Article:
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I am trying to write a game using opengl, but I am having a lot of trouble with the new glkit classes and the default template from iOS.

- (void)viewDidLoad
    [super viewDidLoad];

    self.context = [[EAGLContext alloc] initWithAPI:kEAGLRenderingAPIOpenGLES2];

    if (!self.context) {
        NSLog(@"Failed to create ES context");

        renderer = [RenderManager sharedManager];
    tiles = [[TileSet alloc]init];

    GLKView *view = (GLKView *)self.view;
    view.context = self.context;
    view.drawableDepthFormat = GLKViewDrawableDepthFormat24;

    [self setupGL];

- (void)setupGL
    int width = [[self view] bounds].size.width;
    int height = [[self view] bounds].size.height;

    [EAGLContext setCurrentContext:self.context];

    self.effect = [[GLKBaseEffect alloc] init];
    self.effect.light0.enabled = GL_TRUE;
    self.effect.light0.diffuseColor = GLKVector4Make(0.4f, 0.4f, 0.4f, 1.0f);

    //Configure Buffers
    glGenFramebuffers(1, &framebuffer);
    glBindFramebuffer(GL_FRAMEBUFFER, framebuffer);

    glGenRenderbuffers(2, &colourRenderBuffer);
    glBindRenderbuffer(GL_RENDERBUFFER, colourRenderBuffer);
    glRenderbufferStorage(GL_RENDERBUFFER, GL_RGBA8_OES, width, height);
    glFramebufferRenderbuffer(GL_FRAMEBUFFER, GL_COLOR_ATTACHMENT0, GL_RENDERBUFFER, colourRenderBuffer);

    glGenRenderbuffers(3, &depthRenderBuffer);
    glBindRenderbuffer(GL_RENDERBUFFER, depthRenderBuffer);
    glRenderbufferStorage(GL_RENDERBUFFER, GL_DEPTH_COMPONENT16, width, height);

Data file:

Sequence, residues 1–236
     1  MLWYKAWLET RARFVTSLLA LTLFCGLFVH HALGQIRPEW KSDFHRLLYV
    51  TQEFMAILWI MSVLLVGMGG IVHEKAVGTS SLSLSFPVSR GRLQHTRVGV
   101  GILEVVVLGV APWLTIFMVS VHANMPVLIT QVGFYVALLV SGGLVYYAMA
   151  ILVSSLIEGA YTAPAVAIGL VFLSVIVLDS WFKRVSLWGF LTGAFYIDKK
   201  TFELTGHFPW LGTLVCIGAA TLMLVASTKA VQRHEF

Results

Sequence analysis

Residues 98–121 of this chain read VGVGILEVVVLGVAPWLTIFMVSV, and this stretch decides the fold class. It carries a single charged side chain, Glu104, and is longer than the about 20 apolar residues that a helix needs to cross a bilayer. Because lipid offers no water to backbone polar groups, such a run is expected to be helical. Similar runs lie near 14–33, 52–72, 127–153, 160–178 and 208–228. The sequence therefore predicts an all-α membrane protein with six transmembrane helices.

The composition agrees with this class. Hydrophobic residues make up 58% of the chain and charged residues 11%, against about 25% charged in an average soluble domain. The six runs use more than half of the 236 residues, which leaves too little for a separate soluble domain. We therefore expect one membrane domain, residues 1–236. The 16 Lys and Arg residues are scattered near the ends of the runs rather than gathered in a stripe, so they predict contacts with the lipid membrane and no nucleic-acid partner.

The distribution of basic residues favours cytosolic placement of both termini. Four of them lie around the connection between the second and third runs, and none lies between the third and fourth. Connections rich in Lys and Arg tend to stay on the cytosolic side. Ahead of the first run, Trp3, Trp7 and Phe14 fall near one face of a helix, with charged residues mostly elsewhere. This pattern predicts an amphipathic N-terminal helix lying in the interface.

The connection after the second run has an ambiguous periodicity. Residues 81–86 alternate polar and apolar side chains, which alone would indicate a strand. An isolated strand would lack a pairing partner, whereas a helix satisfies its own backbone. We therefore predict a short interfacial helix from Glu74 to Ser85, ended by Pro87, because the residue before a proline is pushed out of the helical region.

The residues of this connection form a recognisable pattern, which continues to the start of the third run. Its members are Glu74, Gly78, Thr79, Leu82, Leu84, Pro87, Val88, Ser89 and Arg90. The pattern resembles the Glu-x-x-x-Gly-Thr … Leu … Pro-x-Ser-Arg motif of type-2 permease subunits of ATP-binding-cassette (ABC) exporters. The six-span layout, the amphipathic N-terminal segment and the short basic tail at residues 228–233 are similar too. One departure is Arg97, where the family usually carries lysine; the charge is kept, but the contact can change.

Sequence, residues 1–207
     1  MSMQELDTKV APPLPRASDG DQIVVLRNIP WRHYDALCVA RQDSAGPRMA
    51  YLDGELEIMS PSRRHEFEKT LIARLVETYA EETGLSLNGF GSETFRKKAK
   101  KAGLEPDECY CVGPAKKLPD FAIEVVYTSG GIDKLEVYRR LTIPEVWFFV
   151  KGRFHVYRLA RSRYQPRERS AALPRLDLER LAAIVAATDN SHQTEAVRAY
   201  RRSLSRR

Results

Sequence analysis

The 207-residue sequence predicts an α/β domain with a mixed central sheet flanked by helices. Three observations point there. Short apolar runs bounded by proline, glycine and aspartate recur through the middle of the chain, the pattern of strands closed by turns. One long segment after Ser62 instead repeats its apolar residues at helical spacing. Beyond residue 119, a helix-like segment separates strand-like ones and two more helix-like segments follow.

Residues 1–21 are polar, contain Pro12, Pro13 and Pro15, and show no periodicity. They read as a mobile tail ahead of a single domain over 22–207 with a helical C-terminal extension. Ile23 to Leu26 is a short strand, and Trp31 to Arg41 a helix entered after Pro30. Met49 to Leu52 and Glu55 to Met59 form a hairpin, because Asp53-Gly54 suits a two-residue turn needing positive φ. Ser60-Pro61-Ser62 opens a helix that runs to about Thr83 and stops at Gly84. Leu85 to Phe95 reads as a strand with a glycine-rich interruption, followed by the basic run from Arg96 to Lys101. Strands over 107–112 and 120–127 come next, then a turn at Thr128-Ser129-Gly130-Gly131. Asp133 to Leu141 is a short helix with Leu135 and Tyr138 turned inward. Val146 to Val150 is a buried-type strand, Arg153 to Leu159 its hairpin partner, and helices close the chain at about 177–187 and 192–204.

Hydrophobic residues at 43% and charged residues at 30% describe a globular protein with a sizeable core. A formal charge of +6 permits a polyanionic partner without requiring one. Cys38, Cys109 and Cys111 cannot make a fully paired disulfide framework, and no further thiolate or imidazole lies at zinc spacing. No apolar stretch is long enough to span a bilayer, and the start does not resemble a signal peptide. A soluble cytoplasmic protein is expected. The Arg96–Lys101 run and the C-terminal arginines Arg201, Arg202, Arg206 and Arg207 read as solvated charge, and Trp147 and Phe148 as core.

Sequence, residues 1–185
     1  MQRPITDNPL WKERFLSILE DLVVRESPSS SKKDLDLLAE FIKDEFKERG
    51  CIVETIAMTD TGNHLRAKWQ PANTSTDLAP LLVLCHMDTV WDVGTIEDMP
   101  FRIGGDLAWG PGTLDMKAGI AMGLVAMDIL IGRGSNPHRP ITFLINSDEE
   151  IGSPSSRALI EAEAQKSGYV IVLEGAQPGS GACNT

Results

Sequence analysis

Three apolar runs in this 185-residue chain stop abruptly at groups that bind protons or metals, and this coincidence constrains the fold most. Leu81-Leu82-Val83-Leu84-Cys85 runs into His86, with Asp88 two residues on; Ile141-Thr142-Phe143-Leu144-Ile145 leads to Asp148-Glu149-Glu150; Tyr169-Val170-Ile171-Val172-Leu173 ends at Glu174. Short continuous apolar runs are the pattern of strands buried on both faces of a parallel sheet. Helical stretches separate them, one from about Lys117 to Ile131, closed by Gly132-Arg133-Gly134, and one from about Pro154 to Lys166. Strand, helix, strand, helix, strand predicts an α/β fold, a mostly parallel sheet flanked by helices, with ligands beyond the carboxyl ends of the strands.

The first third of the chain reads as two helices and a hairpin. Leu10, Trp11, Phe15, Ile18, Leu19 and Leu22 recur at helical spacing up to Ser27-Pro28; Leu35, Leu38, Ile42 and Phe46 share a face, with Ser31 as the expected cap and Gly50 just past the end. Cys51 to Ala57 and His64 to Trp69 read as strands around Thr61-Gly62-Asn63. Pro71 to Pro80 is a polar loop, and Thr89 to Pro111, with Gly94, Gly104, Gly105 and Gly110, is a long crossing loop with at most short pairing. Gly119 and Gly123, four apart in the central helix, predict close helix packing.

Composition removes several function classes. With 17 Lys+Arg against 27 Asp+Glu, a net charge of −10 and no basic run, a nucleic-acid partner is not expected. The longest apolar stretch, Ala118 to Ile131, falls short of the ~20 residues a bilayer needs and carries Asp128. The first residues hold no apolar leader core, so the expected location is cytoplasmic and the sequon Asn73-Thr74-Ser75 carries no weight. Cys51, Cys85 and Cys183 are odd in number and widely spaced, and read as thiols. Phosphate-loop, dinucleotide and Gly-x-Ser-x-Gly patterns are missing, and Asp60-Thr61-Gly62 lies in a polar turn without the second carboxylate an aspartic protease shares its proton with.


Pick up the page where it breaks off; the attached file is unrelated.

glFramebufferRenderbuffer(GL_FRAMEBUFFER, GL_DEPTH_ATTACHMENT, GL_RENDERBUFFER, depthRenderBuffer);

    //Confirm everything happened awesomely
    GLenum status = glCheckFramebufferStatus(GL_FRAMEBUFFER) ;
    if(status != GL_FRAMEBUFFER_COMPLETE) {
        NSLog(@"failed to make complete framebuffer object %x", status);


    // Enable the OpenGL states we are going to be using when rendering


- (void)glkView:(GLKView *)view drawInRect:(CGRect)rect
    glClearColor(0.4f, 0.4f, 0.4f, 1.0f);


    glBindFramebuffer(GL_FRAMEBUFFER, framebuffer);

    float iva[] = {

    glVertexPointer(3, GL_FLOAT, sizeof(float) * 3, iva);

    glDrawArrays(GL_POINTS, 0, 4);


With this the buffer clears(to a grey colour), but nothing from the vertex array renders. I have no idea what to do from here and due to the age of the technology there is not much information available on how to properly use glkit.

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5 Answers 5

I don't see anything in your setup code that loads your shaders - I presume you are doing this somewhere in your code?

In addition, in your setup code, you are creating your framebuffer. The GLKView does this for you - indeed you are telling the view to use a 24-bit depthbuffer in your viewDidLoad method:

GLKView *view = (GLKView *)self.view;
view.context = self.context;
view.drawableDepthFormat = GLKViewDrawableDepthFormat24;

So what your glkView:drawInRect: code above is doing is saying: "Bind my handmade framebuffer, and draw some stuff into it". The GLKView then automatically presents itself, but nothing has been drawn into it, you've only drawn into your handmade buffer. Unless you need additional framebuffer objects for tasks such as rendering to texture, then you don't need to concern yourself with framebuffer creation at all - let the GLKView do it automatically.

What you should be doing in your setupGL method (or anywhere you like in the setup) is creating your vertex array object(s) that remember the openGL state required to perform a draw. Then, in the glkView:drawInRect: method you should: